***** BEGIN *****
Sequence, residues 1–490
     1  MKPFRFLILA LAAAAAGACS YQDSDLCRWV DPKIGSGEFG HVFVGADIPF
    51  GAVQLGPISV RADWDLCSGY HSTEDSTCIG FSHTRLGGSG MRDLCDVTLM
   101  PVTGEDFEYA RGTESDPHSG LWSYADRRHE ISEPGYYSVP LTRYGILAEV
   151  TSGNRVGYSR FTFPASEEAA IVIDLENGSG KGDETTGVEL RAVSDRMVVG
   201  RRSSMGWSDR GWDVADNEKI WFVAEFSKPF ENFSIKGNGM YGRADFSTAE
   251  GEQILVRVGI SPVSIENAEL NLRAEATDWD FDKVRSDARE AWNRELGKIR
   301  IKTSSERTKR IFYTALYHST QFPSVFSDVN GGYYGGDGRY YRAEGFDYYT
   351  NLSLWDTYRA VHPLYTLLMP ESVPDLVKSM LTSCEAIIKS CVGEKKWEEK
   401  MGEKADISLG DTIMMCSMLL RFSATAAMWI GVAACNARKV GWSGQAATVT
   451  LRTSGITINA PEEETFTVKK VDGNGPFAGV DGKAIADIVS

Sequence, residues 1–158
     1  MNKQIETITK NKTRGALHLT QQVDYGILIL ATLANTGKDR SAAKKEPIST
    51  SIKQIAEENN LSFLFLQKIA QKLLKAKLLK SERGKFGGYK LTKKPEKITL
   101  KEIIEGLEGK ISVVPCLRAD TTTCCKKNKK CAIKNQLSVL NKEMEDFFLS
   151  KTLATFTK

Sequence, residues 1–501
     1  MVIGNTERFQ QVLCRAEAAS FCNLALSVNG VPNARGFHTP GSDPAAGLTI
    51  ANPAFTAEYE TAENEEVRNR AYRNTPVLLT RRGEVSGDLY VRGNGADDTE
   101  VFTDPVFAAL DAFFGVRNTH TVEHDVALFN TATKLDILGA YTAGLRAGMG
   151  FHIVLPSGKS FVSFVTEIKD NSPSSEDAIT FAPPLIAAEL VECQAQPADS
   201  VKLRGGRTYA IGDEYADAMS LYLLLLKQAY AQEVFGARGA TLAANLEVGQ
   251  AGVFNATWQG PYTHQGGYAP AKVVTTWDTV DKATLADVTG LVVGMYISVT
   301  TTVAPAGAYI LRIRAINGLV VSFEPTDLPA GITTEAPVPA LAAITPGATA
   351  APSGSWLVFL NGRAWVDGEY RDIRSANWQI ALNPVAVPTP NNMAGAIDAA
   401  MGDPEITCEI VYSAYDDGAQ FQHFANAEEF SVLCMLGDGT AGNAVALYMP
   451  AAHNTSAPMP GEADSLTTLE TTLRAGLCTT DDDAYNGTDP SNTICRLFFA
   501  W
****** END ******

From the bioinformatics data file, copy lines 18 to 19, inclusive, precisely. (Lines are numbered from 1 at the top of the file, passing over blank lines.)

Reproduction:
     1  MVIGNTERFQ QVLCRAEAAS FCNLALSVNG VPNARGFHTP GSDPAAGLTI
    51  ANPAFTAEYE TAENEEVRNR AYRNTPVLLT RRGEVSGDLY VRGNGADDTE